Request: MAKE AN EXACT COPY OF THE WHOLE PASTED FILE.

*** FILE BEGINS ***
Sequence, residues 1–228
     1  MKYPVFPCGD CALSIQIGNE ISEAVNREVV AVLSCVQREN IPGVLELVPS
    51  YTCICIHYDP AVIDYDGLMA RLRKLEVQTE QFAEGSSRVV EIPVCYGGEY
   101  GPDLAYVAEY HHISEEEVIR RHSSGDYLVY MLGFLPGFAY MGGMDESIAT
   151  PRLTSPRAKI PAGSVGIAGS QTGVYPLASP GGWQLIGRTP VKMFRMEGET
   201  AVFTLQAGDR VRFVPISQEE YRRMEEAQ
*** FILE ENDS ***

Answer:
Sequence, residues 1–228
     1  MKYPVFPCGD CALSIQIGNE ISEAVNREVV AVLSCVQREN IPGVLELVPS
    51  YTCICIHYDP AVIDYDGLMA RLRKLEVQTE QFAEGSSRVV EIPVCYGGEY
   101  GPDLAYVAEY HHISEEEVIR RHSSGDYLVY MLGFLPGFAY MGGMDESIAT
   151  PRLTSPRAKI PAGSVGIAGS QTGVYPLASP GGWQLIGRTP VKMFRMEGET
   201  AVFTLQAGDR VRFVPISQEE YRRMEEAQ